1) Yellow Schnauzer
The exact ancestry and origin of Dutch Smoushond is unclear. One popular theory suggest, that its main ancestor is the Schnauzer and that the Dutch Smoushond might be a yellow variety of the Schnauzer. Schnauzers that were born yellow were euthanized. It is said, that one Dutch merchant called Abraas started buying and saving these yellow pups, brought them back to Amsterdam and sold them as good stable dogs and ratters.
If the Schnauzer is really the ancestor of this breed is unclear. It is also very possible, that they naturally evolved from some local Dutch terriers of unknown origins. For most of the time, these dogs were used as very good ratters, but lately in the early 1900s, they started to be viewed rather as gentleman’s companion rather than an actual ratter. The breeds club was finally formed in 1905 to document and register the small stable dog as a purebred breed.
3) Almost extinct
The Dutch Smoushond was always relatively rare, but the Second World War was absolutely devastating for the breed and the breed almost went extinct. When the war was over, the numbers of pure Dutch Smoushonds were extremely low and up until the 1970s the breed was considered to be extinct. In 1970s, a woman named Barkman attempted to restore the breed. She gathered several remaining Dutch Smoushonds and started the breed reconstruction and luckily she was succesful! Today the breed is still very rare and it is almost impossible to find them outside Netherlands, but they are not on the verge of extinction anymore.
As i mentioned earlier, the Dutch Smoushond was originally used as ratter, but today, it is almost exclusively companion pet. And they make amazing charming and loyal companions. These dogs have lively and playful personality, which can make them ideal companions for kids, but of course, the kid should be old enough to know how to treat dogs properly. They can also live with other dogs, but other smaller household pets might be problematic, because of its history as a ratter.
5) Training and exercise
The Dutch Smoushond is described as intelligent and eager to please dog, which makes them quite easily trainable. They can definitely learn all the basic obedience commands easily and quite fast. On the other hand, some individuals are very strong headed and independent, which can make the training little bit more difficult. Just like with any other breed, consistency and patience is the key for succesfull training. This is pretty energetic breed, that will always be ready for outdoor walks, jog, vigorous playtime or fun training session, but it is a very adaptable breed that is capable of living even in small apartment without problems. But few daily walks are absolutely a must, if you want to have healthy and happy Dutch Smoushond in your home.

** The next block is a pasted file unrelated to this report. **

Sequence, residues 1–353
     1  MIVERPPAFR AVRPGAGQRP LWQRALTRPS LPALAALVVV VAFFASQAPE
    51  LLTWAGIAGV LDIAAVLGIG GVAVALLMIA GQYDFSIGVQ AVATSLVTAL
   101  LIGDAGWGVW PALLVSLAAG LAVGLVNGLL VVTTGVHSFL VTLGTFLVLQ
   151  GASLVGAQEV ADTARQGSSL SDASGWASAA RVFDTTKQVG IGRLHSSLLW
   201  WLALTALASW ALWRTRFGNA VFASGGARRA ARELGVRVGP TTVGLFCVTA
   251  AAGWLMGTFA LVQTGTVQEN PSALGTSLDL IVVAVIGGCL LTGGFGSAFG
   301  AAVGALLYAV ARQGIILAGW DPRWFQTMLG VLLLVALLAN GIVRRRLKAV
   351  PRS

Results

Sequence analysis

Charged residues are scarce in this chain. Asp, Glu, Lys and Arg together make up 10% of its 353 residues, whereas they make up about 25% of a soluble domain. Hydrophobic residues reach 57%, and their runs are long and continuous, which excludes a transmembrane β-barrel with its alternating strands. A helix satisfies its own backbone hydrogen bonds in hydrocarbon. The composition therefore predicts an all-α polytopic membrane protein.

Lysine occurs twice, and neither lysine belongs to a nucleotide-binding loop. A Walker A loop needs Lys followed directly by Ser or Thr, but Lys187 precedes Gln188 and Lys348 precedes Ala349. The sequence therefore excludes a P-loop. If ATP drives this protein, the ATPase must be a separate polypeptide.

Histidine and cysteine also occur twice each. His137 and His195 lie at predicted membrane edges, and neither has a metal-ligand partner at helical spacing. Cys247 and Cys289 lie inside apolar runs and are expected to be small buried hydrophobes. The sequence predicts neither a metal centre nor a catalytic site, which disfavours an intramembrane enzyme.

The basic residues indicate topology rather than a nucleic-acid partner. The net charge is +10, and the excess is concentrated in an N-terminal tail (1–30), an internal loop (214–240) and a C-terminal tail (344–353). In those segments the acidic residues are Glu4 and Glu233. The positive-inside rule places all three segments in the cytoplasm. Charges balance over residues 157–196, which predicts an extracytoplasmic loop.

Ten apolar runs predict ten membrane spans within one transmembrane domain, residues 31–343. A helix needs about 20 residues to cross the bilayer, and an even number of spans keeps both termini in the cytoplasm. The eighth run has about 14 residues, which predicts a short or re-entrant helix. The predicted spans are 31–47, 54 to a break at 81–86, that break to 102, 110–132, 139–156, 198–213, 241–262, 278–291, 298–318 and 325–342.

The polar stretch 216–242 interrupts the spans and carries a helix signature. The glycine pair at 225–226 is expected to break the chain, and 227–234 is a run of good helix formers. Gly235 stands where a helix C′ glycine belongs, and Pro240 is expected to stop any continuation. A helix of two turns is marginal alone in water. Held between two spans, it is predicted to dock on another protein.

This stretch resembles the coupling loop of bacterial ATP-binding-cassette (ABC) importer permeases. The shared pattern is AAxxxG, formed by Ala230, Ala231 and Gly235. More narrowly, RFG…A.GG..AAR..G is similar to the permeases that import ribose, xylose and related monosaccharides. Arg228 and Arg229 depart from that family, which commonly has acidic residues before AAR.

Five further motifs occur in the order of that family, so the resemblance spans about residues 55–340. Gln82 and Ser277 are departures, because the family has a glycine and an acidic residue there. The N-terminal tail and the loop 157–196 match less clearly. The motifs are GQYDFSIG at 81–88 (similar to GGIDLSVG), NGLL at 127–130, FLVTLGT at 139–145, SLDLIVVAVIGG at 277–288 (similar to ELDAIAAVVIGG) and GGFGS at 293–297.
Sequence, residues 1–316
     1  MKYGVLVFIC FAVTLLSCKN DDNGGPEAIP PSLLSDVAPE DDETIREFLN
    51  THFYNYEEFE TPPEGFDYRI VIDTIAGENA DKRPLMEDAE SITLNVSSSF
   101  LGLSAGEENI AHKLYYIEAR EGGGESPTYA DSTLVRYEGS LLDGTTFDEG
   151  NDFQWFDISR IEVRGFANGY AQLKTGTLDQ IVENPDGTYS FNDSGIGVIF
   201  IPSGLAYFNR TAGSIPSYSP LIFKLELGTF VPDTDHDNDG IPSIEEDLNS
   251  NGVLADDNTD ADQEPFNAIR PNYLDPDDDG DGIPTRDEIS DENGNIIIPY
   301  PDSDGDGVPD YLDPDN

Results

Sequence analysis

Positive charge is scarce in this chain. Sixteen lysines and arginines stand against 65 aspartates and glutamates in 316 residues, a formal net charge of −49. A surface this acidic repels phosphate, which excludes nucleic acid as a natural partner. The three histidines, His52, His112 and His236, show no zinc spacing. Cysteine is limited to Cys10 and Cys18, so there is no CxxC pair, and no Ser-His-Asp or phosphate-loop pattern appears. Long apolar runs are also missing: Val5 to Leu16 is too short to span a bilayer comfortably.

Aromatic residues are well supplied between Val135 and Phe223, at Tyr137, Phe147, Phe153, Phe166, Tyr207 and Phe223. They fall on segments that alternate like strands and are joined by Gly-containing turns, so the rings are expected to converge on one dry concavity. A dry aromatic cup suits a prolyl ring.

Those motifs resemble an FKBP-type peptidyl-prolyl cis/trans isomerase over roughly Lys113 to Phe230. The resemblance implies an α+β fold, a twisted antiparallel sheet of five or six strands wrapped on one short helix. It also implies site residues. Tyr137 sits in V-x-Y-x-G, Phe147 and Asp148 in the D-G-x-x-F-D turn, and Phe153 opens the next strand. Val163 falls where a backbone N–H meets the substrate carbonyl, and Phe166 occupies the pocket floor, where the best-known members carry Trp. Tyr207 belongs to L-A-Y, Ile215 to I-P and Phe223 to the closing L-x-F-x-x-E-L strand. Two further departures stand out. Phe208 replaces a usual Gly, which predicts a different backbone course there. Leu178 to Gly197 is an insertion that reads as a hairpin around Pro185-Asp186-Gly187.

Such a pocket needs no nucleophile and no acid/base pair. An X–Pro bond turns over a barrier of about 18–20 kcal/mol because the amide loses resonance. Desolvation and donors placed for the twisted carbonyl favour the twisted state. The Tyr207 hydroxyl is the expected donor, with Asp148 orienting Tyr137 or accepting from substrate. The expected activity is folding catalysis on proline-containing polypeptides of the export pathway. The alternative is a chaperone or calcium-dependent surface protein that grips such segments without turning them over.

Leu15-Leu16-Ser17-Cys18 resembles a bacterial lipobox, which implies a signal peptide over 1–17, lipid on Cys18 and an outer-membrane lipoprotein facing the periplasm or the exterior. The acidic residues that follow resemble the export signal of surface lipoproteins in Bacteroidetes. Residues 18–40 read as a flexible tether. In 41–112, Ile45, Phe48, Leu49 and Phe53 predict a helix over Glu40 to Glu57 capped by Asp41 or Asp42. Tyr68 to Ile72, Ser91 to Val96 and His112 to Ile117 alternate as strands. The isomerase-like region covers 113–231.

This is a small, strong and squarely built dog breed with average height between around 40 cm, which is 16 inch and weight is usually around 20 lbs, which is 9 kg. Females are naturally slightly smaller than males, but the difference is not extremely large.
The first thing you will most likely notice about the Dutch Smoushond is its untidy appearance because of its shaggy and wiry coat. These dogs have visible eyebrows, mustache and beard. You can find Dutch Smoushond in any shades of yellow.
The grooming and overall maintenance of Dutch Smoushond is relatively simple. The coat should not be brushed to maintain its shaggy appearance. The coat can be combed once in a while to prevent matting and tangling and the coat should be hand plucked approximately twice a year. Just like with all dogs, you should also regularly check their eyes, ears, nails and teeth and clean them or clip them if needed.
The Dutch Smoushound is sometimes also called as Dutch Ratter, Hollandse Smoushond, Dutch Terrier or just as Dutchie. The breeds name, Smoushound has unique origin. It is derived from the dutch word Smouzen, which can be translated as jewish, and it is because of the long beard and wiry hair of the dog resembling an orthodox jewish man.
There are not enough studies about the breeds health, but so far, it seems, that this is rather healthy and hardy dog breed and with average lifespan around 14 years. Of course, they still may occasionally suffer from some health issues, such as patellar luxation, allergies and infections, some eye or joint problems, but none of those is extremely common in this breed.